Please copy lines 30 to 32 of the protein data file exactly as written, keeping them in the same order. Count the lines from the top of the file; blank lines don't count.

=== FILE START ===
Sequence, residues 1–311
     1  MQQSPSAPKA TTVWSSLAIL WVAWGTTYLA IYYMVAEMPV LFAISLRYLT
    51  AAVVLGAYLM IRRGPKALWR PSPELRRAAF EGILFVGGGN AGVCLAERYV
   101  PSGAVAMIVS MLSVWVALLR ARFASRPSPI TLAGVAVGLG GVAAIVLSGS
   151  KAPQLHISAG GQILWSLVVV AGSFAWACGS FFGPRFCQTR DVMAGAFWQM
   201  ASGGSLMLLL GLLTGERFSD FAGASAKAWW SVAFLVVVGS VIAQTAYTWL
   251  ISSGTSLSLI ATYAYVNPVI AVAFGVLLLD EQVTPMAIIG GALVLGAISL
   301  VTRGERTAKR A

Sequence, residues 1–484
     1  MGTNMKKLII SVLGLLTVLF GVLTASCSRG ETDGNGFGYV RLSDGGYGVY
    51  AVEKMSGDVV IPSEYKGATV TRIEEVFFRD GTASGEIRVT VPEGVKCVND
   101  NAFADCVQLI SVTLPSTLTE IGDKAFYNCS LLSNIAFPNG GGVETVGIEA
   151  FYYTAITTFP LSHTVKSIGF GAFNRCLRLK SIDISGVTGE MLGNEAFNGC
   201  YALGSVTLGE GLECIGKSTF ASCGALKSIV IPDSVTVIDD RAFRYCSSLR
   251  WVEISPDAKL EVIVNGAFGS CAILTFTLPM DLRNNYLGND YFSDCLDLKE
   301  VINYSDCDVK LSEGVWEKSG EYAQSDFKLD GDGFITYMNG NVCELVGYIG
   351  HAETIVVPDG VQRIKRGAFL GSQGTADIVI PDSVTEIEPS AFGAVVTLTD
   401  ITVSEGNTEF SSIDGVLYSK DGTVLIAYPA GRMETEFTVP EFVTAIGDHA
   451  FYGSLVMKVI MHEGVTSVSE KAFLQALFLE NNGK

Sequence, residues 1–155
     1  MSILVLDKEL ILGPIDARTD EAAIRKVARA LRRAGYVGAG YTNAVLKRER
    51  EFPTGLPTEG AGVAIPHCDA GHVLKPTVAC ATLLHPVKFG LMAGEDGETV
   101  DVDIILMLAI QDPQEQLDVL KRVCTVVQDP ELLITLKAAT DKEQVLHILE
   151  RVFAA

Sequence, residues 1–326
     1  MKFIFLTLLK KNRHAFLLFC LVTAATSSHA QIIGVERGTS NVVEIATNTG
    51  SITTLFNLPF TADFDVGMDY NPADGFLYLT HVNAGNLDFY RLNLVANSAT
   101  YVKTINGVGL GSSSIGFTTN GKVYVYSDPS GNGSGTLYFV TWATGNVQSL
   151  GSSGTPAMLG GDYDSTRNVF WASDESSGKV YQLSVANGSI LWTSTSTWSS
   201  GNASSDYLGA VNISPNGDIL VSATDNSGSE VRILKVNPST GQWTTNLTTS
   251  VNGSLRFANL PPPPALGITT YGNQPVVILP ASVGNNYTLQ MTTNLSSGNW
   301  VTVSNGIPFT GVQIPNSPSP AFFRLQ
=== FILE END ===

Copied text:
   201  GNASSDYLGA VNISPNGDIL VSATDNSGSE VRILKVNPST GQWTTNLTTS
   251  VNGSLRFANL PPPPALGITT YGNQPVVILP ASVGNNYTLQ MTTNLSSGNW
   301  VTVSNGIPFT GVQIPNSPSP AFFRLQ